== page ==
Cat in figgy pudding festive hat © Jo Clark designs

I bought a selection from Jo Clark Designs for my friends and family who are also cat people. She's got some great prints, including a sloth, which I would have snapped up if I had wall space for it.

We rounded our outing off with some quality coffee and a chilli hot chocolate infused with ginger and cinnamon as well as chilli for a tasty kick.


Saturday, 15 December 2012

Winning

I went to Stitch London's Christmas meet up on Monday night. As well as catching up with old friends and meeting some lovely new knitters there was a raffle.

Now I used to run lots of raffles when I organised p/hop and as I was the organiser I couldn't enter. I din't mind this as the money we raised helped MSF's incredible work, though I did covet some of the prizes we were donated. So it was with some excitement entered Stitch London's raffle buying a few tickets as the money was going to Great Ormond Street Hospital, my old workplace. I'd entered their raffle last year too but didn't win anything so wasn't holding out much hope.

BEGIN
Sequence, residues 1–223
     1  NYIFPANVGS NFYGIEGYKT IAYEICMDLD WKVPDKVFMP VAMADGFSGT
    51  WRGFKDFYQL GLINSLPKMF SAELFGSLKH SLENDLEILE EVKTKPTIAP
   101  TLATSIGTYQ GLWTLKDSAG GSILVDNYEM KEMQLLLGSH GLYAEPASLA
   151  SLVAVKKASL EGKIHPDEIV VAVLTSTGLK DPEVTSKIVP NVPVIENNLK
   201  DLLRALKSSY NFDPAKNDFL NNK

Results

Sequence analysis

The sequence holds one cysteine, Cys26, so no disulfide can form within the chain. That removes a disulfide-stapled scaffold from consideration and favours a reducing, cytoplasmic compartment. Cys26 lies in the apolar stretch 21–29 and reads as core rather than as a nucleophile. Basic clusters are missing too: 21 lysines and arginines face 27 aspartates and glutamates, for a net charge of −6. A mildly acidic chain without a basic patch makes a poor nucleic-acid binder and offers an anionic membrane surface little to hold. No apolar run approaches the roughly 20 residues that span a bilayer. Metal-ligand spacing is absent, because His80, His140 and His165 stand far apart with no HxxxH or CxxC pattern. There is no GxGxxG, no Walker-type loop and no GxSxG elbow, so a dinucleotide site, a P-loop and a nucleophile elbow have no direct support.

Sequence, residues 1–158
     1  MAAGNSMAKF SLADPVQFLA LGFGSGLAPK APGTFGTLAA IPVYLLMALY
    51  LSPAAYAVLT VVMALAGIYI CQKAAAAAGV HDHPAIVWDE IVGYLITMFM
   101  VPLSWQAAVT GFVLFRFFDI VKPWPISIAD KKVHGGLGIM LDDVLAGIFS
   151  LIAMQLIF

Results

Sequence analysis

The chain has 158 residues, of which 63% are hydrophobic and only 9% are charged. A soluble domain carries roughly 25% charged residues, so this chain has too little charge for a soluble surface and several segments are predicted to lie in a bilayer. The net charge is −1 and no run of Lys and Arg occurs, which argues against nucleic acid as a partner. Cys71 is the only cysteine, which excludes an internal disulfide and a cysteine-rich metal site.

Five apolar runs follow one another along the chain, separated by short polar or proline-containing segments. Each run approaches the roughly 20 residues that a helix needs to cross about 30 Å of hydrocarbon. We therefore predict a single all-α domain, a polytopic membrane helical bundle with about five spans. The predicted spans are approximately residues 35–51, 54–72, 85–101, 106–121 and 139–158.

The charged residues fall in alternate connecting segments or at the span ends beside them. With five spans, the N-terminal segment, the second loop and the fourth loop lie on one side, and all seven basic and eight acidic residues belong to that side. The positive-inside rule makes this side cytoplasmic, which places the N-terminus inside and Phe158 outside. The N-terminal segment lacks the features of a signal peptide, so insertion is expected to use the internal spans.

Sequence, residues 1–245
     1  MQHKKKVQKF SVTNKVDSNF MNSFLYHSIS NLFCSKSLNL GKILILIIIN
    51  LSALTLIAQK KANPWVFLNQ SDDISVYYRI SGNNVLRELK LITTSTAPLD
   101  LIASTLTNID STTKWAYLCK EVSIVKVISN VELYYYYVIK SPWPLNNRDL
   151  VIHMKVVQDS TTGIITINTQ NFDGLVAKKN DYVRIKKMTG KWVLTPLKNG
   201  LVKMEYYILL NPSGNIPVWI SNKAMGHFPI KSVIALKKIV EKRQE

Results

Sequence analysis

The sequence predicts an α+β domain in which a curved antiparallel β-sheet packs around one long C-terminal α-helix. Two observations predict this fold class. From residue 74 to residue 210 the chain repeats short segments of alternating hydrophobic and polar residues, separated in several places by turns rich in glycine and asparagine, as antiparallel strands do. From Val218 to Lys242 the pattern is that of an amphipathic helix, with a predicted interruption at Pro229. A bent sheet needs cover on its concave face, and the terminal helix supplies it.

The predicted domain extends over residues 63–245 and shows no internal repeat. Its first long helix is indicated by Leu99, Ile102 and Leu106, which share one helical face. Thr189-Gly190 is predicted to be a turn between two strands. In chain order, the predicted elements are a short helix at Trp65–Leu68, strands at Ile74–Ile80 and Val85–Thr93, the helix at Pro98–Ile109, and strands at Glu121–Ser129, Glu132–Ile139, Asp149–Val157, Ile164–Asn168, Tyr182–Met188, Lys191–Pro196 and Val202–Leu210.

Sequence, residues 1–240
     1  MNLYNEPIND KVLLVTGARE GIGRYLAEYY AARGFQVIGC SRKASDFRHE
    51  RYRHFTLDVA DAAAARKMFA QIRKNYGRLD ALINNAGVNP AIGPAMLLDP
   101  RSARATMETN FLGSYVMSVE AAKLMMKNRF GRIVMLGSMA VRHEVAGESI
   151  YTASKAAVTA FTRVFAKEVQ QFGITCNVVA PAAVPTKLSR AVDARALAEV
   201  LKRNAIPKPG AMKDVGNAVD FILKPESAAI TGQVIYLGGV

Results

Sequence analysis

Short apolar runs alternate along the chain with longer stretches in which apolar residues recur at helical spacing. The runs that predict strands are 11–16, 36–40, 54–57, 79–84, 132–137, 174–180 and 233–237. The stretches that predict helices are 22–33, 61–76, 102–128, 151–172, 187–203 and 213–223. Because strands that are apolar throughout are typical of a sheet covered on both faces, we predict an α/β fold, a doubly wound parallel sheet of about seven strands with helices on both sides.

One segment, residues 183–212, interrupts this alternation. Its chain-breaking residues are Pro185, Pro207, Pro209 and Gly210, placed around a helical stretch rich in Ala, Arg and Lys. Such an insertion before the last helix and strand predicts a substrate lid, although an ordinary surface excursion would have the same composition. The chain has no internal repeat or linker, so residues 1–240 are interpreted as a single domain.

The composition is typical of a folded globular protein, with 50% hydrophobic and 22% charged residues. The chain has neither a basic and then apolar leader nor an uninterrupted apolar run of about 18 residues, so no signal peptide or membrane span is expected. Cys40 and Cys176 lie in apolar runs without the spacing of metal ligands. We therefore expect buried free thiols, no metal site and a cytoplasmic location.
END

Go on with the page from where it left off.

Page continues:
Low and behold my name came out of the hat bag not once, not twice, but a cracking seven times, including drawing my own name three times. While I was pretty pleased by this it did seem excessive so I turned down some prizes when I drew my own name out plus gave one away. However, with some encouragement from Deadlyknitshade, I came home with some pretty nifty swag.

Raffle Swag

First up is this delightful woodpecker badge made by the talented Teasemade, perfect for me as I'm a bit of a closet ornithologist. The colours are beautiful and capture the essence of the great spotted woodpecker beautifully.

Raffle Swag

Next is this inspirational card from Craftivists with this spot on message:

Raffle Swag

And finally the yarn. Oh, the yarn. You might be aware that I've been on a yarn diet this year. While I have indulged in a few items I've only bought one skein of sock yarn all year so this was very exciting.

Raffle Swag